NCIS, Season 10, Episode 1: “Extreme Prejudice”
Written by Gary Glasberg
Directed by Tony Wharmby
Airs Tuesdays at 8pm (ET) on CBS
A bomb blast has wreaked havoc on the U.S. Navy Yard.
The premiere opens right where the show left off last season. Doctor Mallard, who was last seen suffering from a heart attack on the shores of the Atlantic Ocean, is alive. He and his assistant discuss the best way to aid their co-workers, of whom they have heard no news. After ten years, Brian Dietzen has earned his place in the opening credits in the role of assistant medical examiner Jimmy Palmer. The scenes between these two are bittersweet and simple, acting on behalf of the audience, asking the question that everyone wants to know the answer to- Who survived?
The NCIS building has been severely damaged, but not destroyed. Gibbs stands surveying the aftermath with nothing but a scratch to the head. Abby is alive, sitting forlorn amidst the wreckage. McGee is discovered in the bull pen, dazed, and with a shard of glass piercing his side. Tony and Ziva are shown stuck in the elevator, bickering, every movement heightening the sexual tension between the two, as usual. The tone of the episode doesn’t quite reach the levels of fear and anxiety that would seem appropriate for when caught in a bomb blast. There is no sense of loss. With weekly crime shows comes the expectation of the potential fatality of a guest star and the occasional death of a series regular, but this event requires much more focus on the psychological repercussions of facing a terrorist attack. Each actor does their fair share in the moment, but the real issue is that there are not enough moments to solidify an emotional punch. The large-scale story deserves more screen-time. Unfortunately, when you whittle away the breaks and credits from an hour-long program, you’re left with forty minutes to deal with everything that follows a bombing against characters in whose lives you’ve invested almost a decade.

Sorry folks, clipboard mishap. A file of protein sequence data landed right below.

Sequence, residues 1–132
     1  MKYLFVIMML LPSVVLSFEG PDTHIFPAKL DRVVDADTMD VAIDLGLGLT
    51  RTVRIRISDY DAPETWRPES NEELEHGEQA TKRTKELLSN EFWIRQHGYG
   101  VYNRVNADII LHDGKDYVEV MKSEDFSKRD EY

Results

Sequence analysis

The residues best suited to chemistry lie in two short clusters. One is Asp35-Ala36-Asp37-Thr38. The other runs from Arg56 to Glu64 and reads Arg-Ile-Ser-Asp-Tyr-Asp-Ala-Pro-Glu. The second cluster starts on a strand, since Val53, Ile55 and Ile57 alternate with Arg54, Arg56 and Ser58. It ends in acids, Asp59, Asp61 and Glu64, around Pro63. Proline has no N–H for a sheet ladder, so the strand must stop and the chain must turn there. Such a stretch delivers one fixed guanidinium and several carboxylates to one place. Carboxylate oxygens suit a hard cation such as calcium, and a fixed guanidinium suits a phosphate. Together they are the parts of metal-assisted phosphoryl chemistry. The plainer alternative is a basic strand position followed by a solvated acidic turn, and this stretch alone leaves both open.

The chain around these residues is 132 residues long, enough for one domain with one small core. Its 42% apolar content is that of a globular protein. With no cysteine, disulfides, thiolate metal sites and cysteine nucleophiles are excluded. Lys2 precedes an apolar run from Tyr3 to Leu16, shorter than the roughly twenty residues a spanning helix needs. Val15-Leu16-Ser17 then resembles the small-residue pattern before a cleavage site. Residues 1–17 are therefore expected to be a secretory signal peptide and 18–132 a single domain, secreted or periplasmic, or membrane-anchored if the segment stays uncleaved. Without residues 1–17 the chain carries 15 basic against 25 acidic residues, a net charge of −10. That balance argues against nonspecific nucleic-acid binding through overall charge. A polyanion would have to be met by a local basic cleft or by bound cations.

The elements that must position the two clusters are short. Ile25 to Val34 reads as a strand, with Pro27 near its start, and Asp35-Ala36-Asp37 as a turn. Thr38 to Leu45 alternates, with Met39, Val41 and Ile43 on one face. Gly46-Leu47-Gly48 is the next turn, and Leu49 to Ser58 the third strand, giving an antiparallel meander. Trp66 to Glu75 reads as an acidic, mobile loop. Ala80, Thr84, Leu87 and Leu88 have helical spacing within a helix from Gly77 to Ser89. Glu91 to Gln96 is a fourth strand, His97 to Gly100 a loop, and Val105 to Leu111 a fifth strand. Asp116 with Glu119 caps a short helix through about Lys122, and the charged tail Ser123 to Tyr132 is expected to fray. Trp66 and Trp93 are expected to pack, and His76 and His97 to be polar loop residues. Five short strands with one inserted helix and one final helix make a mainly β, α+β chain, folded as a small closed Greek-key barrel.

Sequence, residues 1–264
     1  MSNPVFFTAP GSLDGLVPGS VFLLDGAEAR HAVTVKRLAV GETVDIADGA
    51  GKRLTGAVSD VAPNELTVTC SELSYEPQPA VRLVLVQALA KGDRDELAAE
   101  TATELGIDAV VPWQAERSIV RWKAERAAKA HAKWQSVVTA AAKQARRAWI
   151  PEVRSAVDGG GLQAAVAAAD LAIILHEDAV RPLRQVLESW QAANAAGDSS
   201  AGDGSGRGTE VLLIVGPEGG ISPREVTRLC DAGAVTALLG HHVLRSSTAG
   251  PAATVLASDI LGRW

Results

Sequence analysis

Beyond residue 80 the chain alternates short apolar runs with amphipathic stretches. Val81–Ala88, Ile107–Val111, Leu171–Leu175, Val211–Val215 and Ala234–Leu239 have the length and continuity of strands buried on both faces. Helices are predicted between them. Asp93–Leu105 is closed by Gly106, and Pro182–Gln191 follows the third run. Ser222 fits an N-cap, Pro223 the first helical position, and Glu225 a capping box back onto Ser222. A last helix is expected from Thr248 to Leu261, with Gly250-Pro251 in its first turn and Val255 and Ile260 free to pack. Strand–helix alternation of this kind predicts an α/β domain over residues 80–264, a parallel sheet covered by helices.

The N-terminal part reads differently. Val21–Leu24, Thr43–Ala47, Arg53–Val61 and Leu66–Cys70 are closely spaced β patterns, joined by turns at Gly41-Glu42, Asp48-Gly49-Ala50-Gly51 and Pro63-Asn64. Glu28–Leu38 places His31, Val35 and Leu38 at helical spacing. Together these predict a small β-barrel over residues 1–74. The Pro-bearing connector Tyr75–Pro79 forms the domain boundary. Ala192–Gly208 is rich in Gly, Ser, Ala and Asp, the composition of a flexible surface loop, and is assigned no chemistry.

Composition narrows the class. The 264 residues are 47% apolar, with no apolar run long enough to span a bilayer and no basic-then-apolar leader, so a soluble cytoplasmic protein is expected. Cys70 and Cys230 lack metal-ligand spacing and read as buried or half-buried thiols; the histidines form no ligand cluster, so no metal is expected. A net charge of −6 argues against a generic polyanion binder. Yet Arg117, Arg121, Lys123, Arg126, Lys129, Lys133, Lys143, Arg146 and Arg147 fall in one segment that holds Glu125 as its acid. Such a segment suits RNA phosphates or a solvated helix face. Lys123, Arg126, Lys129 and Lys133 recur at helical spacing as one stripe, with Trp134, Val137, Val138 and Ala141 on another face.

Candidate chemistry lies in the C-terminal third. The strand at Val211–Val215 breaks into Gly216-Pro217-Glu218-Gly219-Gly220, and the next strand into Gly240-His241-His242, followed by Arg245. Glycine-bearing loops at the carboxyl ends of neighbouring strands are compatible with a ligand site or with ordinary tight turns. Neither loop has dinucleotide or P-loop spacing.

Once everyone has brushed the dust off themselves (which takes a few months), the real work begins- finding Harper Dearing, who has faked his death and proves to be a formidable, albeit dull and uncharismatic, foe. Introduced last season, Dearing (Richard Schiff) is a morally deficient entrepreneur who seeks to reveal the weaknesses of the nation’s military forces as a means of avenging his son, who died a proud naval officer while defending his country. Last season, Dearing’s pursuit of twisted justice led him to Leroy Jethro Gibbs, with whom Dearing shares only the similarity of being a grieving father. Here Schiff gives an underwhelming performance in his role as a deluded mastermind that has nothing left to lose. There is a calm but stale presence on screen as Dearing fails to fall for the seduction of an FBI agent, calls the Navy’s high-security Major Threat Assessment Center via what looks like a FaceTime-enabled device, and, finally confronts Gibbs, which leads to his inevitable demise.
Opposite Schiff, Mark Harmon is the unquestionable MVP of the episode in his role as the unflappable team leader. The most poignant moments of the season opener arrive when Gibbs’ loyalty to his team, his family, and his feelings of exposure and helplessness are expressed through conversations with Director Vance (Leon Carroll), who feels guilty for the tragedy befallen his agency, and agent Fornell (Joe Spano), whose long-enduring relationship with Gibbs provides a few opportunities for reflection . But Gibbs won’t back down. He is a man of action. There was never a doubt that Gibbs would be the one to take down Dearing, but his cold manner of killing his opponent reveals his sense of true justice and the protective nature he has towards the people with whom he spends every day working and risking his life alongside. No one hurts Gibbs’ family and gets away with it.
In the spirit of the legacy of Don Bellisario, creator of Magnum P.I., Quantum Leap, and JAG, the tenth season of NCIS begins its run with the same fast-paced consistency of its predecessors. Unfortunately, the old-fashioned serial format doesn’t allow for as much focus on the devastation as is needed to fully comprehend the impact of the tragedy of last season’s closing moments or appreciate the triumph of survival seen here. The lighter moments typical of the veteran show seem out of place among the debris and chaos. Scripted laughter in the face of peril is not uncommon for the ratings juggernaut, but this is not a normal scenario. This is the beginning of a massive process of healing and restoration. Despite the shortcomings of limited screen time, a few predictable plot points, and the lack of an all-around remarkable script, “Extreme Prejudice” is an impressive accomplishment in television production that lays the foundation for the return to normalcy in a world where fear can only be defeated by the overpowering desire to see the good in humanity.